A pick-up in economic activity would bode well for use of PGMs in auto catalysts. IHS projects U.S. light-vehicle sales will rise to 14.9 million units in 2013 from an expected 14.3 million in 2012. Chinese sales are projected to hit 20.5 million in 2013 after 18.8 million this year.

Melek looks for platinum demand for auto catalysts to rise roughly 100,000 ounces to 3.177 million next year. He also called for slight improvement in jewelry demand as the economy improves. “For net investment, we’re looking for a small increase of another 100,000 ounces in 2013 as well,” Melek said.

TDS looks for platinum to average $1,844 an ounce in 2013, while Commerzbank lists $1,875. Other forecasts include UBS, $1,740; Morgan Stanley, $1,715; IHS $1,700; Barclays Capital, $1,690; Societe Generale, $1,688; and CPM Group, $1,586.

Most expect prices to be higher during the latter part of the year than the early part.

Chang also looks for some of platinum’s support to come from demand for hard assets in general due to soft monetary policies around the world. “If you see people trying to diversify away from gold holdings, platinum would be the next precious metal added to their tangible-asset exposure,” he said.

Supply Deficit Also Expected In Palladium

Melek looks for an 876,000-ounce supply deficit in the palladium market during 2013.  Savant projects a 100,000 deficit between just supply and fabrication demand, meaning a bigger deficit if there should be strong investment demand. IHS envisions a roughly balanced market but one tilted toward deficit, Chang said.

Much of the world’s palladium also comes from South Africa, meaning the same constraints impacting platinum will also affect palladium. However, Russia is an equally important source of the metal. For a number of years, palladium from Russian state stockpiles helped the world meet its needs. The size of those inventories is not made public by the Russian government. Nevertheless, most analysts feel these stocks are about depleted, based trade data from Switzerland, through which much of the metal flows.

“What in the past has been an important pillar of supply will thus peter out once and for all,” Commerzbank said.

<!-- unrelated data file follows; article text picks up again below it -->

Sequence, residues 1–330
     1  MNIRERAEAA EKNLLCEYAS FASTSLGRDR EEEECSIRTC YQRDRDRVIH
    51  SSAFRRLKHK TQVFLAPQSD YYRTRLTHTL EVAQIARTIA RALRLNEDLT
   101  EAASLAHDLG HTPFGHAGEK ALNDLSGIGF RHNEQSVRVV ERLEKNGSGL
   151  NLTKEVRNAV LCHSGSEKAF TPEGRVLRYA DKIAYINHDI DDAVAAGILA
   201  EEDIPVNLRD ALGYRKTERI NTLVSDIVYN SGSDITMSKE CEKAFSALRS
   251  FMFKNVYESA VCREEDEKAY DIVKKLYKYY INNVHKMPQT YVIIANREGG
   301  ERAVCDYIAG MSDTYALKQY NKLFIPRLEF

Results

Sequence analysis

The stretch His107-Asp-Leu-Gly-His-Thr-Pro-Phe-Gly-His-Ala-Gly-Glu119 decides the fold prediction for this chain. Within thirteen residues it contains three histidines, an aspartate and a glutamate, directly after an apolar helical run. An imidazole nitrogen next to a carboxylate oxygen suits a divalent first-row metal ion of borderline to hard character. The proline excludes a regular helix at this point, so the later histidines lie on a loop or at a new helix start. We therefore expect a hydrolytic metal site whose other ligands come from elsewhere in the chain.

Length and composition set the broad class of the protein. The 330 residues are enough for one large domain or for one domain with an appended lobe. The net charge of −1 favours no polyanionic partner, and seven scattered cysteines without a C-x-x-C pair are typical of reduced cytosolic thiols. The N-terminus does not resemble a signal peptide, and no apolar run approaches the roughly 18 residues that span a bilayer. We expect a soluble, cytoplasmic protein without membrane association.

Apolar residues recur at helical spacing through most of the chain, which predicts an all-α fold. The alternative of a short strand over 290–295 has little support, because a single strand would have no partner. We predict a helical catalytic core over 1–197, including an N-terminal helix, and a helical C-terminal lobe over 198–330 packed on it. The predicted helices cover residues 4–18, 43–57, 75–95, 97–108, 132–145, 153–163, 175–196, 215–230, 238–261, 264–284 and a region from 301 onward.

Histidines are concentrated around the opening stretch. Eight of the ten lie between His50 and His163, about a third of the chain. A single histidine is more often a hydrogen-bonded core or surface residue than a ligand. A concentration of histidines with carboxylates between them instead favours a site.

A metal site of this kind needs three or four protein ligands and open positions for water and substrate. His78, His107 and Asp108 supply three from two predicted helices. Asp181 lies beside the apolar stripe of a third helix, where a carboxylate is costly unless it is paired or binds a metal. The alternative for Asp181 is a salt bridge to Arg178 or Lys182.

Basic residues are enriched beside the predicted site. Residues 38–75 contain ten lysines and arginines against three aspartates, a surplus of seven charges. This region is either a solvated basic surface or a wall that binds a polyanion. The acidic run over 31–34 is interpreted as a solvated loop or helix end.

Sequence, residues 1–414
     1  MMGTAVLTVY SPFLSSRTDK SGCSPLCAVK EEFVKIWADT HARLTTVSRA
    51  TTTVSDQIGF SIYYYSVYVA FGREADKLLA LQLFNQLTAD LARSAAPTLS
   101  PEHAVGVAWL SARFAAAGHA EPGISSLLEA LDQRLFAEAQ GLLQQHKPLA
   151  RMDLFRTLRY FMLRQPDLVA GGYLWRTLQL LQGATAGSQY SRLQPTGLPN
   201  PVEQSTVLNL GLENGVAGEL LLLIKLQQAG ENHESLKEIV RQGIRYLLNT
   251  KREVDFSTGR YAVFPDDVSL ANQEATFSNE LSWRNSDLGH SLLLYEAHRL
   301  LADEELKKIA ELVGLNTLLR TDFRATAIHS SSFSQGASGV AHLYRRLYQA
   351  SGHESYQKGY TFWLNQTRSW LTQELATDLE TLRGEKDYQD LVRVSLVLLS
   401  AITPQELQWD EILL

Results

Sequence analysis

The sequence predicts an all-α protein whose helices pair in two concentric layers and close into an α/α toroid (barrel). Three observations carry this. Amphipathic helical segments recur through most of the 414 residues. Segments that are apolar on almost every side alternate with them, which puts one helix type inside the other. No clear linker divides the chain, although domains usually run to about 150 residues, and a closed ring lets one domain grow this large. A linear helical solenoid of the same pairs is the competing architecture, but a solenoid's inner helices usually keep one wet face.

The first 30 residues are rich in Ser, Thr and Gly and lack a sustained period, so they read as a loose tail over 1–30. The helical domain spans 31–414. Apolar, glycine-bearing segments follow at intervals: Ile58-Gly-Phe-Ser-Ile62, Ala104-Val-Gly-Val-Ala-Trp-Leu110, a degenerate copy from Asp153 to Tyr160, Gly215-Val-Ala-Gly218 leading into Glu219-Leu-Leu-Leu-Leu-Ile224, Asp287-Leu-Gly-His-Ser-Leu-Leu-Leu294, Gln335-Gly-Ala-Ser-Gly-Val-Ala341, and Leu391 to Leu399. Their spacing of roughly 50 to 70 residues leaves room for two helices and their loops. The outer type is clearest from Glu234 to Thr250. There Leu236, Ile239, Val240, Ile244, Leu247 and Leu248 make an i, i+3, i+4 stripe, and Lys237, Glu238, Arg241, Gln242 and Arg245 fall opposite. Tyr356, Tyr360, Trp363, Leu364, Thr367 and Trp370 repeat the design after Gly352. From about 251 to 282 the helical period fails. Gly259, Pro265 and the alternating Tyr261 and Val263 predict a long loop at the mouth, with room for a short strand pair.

Between 2005 and 2010, Russia sold around 1 million ounces of palladium from its state reserves on the world market each year, Commerzbank said. Analysts said this fell to around 775,000 in 2011 and 250,000 in 2012. “We think it might be around 100,000 in 2013,” Melek said.

On top of this, Russian mining supply may face some constraints, Chang said. There may be less interest in ramping up nickel output due to lower prices than in the past, and this in turn would mean less palladium mined as a by-product of nickel.

Like platinum, palladium demand from the auto industry is expected to grow. Some say palladium use may grow more rapidly since this cheaper metal can be used with gasoline-powered vehicles that comprise the bulk of the auto markets in the U.S. and China. By contrast, platinum is used more heavily in diesel-powered vehicles, which are more common in Europe, where the economy has been crimped by the eurozone debt crisis.

Melek looks for palladium to average $874 in 2013, while Commerzbank projects $855, UBS $780 and Societe Generale $775. Other forecasts include Barclays Capital, $736; IHS, $680; and CPM Group, $645.

By Allen Sykora of Kitco News; asykora@kitco.com

Disclaimer: The views expressed in this article are those of the author and may not reflect those of Kitco Metals Inc. The author has made every effort to ensure accuracy of information provided; however, neither Kitco Metals Inc. nor the author can guarantee such accuracy. This article is strictly for informational purposes only. It is not a solicitation to make any exchange in precious metal products, commodities, securities or other financial instruments. Kitco Metals Inc. and the author of this article do not accept culpability for losses and/ or damages arising from the use of this publication.